My understanding of Pakistani and Afghanistani politics is that the border between these two countries is ill-defined, porous, and mostly a figment of British imagination moreso than any reality on the ground. The tribal areas such as the Swat Valley where Al-Qaeda held sway seem to be far more lawless than Pakistan in general, and a very "dangerous" area in particular.

So, how is then that this area became part of British India in the first place, and what are Pakistan's prospects of being able to incorporate these lawless areas into its mainstream altogether?

Also, I have heard that Afghanistan does not recognize Pakistan's claim to the Tribal areas demarcated by the Durand, and that if Afghanistan could ever become a fully functioning state, would lay claim to some Pakistan's territory. Is there any truth to this understanding?


1 Answer 1


The Durand line was merely a demarkation of interests between the principality of Afghanistan, which was nominally under British control, and India. It became an official border when Pakistan became independent.

The Pashtun tribe however do not recognise it as it cuts directly through their homelands. This was exacerbated during the Soviet invasion of Afghanistan as a large proportion of the population of southern Afghanistan crossed into northern Pakistan in order to escape the Russian forces. The refugee camps still exist to this day and are the chief source of taliban, meaning students, who with some rudimentary religious training at the hands of mullahs cross into Afghanistan to fight the ISAF forces.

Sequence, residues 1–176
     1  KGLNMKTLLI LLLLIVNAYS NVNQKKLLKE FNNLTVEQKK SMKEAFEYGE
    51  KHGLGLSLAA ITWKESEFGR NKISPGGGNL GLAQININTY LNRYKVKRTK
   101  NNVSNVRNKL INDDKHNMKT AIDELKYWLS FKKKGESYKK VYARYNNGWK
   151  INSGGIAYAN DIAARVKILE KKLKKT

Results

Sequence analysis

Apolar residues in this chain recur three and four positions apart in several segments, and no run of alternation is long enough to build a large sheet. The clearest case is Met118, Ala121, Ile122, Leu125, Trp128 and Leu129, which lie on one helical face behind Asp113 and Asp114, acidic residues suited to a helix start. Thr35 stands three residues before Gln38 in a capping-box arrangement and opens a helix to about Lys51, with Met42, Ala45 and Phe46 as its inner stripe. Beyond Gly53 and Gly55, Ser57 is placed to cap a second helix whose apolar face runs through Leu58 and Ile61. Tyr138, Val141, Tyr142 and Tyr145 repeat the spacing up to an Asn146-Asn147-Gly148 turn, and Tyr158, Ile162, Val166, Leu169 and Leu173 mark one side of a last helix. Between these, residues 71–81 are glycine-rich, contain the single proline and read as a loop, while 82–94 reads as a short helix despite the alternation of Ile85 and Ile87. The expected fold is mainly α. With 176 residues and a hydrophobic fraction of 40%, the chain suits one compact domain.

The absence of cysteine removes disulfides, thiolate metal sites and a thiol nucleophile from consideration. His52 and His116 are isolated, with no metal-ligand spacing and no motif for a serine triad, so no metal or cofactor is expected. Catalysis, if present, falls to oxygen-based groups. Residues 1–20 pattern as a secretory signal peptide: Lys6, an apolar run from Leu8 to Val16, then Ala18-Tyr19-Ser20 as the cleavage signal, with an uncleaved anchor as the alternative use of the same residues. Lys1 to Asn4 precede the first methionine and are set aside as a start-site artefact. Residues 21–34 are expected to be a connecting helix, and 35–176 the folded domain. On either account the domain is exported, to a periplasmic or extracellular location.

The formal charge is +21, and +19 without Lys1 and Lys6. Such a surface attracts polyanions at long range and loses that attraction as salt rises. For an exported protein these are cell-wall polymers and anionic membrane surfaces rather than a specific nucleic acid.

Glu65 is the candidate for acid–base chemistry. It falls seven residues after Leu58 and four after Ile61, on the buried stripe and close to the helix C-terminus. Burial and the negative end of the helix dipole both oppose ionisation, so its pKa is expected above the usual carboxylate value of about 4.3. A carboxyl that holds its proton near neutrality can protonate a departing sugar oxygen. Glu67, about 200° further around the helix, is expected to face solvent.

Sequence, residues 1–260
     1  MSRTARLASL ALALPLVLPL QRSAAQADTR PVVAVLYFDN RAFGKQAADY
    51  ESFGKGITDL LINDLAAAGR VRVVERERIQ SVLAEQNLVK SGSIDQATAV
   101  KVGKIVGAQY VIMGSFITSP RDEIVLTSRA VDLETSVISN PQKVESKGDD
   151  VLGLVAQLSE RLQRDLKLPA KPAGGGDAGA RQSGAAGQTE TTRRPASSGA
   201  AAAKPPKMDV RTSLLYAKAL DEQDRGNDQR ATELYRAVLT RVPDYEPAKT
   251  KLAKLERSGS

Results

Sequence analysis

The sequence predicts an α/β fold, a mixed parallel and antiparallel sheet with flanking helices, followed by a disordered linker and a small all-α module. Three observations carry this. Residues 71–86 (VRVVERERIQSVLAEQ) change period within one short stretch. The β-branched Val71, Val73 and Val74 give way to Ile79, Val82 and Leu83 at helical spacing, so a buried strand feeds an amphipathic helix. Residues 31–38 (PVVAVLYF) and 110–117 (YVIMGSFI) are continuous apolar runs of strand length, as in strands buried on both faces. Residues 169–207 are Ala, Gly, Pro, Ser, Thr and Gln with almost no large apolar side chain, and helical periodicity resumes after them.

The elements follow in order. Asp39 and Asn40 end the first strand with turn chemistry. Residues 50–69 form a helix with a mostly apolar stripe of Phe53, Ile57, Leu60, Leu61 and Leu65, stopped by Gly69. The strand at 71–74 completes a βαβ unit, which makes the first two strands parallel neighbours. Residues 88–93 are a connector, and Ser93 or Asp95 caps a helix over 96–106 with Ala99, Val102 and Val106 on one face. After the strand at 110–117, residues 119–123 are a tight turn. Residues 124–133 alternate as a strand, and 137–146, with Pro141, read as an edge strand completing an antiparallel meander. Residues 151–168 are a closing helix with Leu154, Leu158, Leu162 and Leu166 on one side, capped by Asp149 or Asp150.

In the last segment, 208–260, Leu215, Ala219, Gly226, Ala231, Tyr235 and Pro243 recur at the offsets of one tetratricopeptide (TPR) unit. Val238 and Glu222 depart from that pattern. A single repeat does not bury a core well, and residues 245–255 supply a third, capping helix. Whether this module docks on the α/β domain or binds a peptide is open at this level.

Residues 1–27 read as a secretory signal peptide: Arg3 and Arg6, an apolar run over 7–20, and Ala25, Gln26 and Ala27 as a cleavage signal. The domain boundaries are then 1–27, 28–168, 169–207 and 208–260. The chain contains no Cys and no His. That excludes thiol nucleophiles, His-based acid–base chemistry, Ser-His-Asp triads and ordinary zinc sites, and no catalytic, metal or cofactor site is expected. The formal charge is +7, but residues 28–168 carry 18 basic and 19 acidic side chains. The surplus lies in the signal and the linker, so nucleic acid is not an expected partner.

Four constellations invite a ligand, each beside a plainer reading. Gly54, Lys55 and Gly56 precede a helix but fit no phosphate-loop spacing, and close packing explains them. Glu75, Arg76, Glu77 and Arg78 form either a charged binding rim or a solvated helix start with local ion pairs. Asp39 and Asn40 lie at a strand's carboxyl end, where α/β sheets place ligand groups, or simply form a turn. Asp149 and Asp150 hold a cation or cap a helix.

It is indeed porous, both to insurgents and to drones which routinely carry out missions across the 'border' to exceptionally weak protests from the Pakistani hierarchy.

  • Nice answer! It does raise a question, though, since I know almost nothing about the history of Pakistan. Wouldn't Russia have invaded from the north, driving people south?
    – Bobson
    Dec 4, 2013 at 14:20
  • Yes, hence from Southern Afghanistan ( Helmand etc ) into Northern Pakistan ( Swat, Kohstan etc).
    – Chaffers
    Dec 4, 2013 at 14:26

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